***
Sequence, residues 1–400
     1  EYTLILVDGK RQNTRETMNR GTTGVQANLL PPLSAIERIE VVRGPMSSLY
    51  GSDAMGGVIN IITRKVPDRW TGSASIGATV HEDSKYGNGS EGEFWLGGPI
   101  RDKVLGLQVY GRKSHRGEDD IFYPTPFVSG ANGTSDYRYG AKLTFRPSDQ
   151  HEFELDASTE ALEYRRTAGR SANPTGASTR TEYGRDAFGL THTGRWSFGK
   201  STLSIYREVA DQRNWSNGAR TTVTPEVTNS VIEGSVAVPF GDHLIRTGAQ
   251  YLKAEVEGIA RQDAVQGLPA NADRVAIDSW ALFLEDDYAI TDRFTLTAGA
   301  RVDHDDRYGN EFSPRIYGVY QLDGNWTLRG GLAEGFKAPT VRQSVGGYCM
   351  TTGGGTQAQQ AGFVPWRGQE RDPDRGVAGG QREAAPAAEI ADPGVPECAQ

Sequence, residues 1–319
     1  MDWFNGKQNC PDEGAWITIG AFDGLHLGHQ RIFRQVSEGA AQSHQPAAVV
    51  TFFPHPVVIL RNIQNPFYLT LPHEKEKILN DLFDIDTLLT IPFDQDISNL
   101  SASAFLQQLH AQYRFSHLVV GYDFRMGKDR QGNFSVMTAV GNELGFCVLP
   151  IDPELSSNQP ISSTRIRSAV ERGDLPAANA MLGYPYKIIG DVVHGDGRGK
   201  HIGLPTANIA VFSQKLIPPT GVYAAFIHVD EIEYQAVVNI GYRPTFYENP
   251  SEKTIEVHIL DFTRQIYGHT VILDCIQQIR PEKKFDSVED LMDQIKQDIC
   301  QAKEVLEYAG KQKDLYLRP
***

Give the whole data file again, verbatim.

Sequence, residues 1–400
     1  EYTLILVDGK RQNTRETMNR GTTGVQANLL PPLSAIERIE VVRGPMSSLY
    51  GSDAMGGVIN IITRKVPDRW TGSASIGATV HEDSKYGNGS EGEFWLGGPI
   101  RDKVLGLQVY GRKSHRGEDD IFYPTPFVSG ANGTSDYRYG AKLTFRPSDQ
   151  HEFELDASTE ALEYRRTAGR SANPTGASTR TEYGRDAFGL THTGRWSFGK
   201  STLSIYREVA DQRNWSNGAR TTVTPEVTNS VIEGSVAVPF GDHLIRTGAQ
   251  YLKAEVEGIA RQDAVQGLPA NADRVAIDSW ALFLEDDYAI TDRFTLTAGA
   301  RVDHDDRYGN EFSPRIYGVY QLDGNWTLRG GLAEGFKAPT VRQSVGGYCM
   351  TTGGGTQAQQ AGFVPWRGQE RDPDRGVAGG QREAAPAAEI ADPGVPECAQ

Sequence, residues 1–319
     1  MDWFNGKQNC PDEGAWITIG AFDGLHLGHQ RIFRQVSEGA AQSHQPAAVV
    51  TFFPHPVVIL RNIQNPFYLT LPHEKEKILN DLFDIDTLLT IPFDQDISNL
   101  SASAFLQQLH AQYRFSHLVV GYDFRMGKDR QGNFSVMTAV GNELGFCVLP
   151  IDPELSSNQP ISSTRIRSAV ERGDLPAANA MLGYPYKIIG DVVHGDGRGK
   201  HIGLPTANIA VFSQKLIPPT GVYAAFIHVD EIEYQAVVNI GYRPTFYENP
   251  SEKTIEVHIL DFTRQIYGHT VILDCIQQIR PEKKFDSVED LMDQIKQDIC
   301  QAKEVLEYAG KQKDLYLRP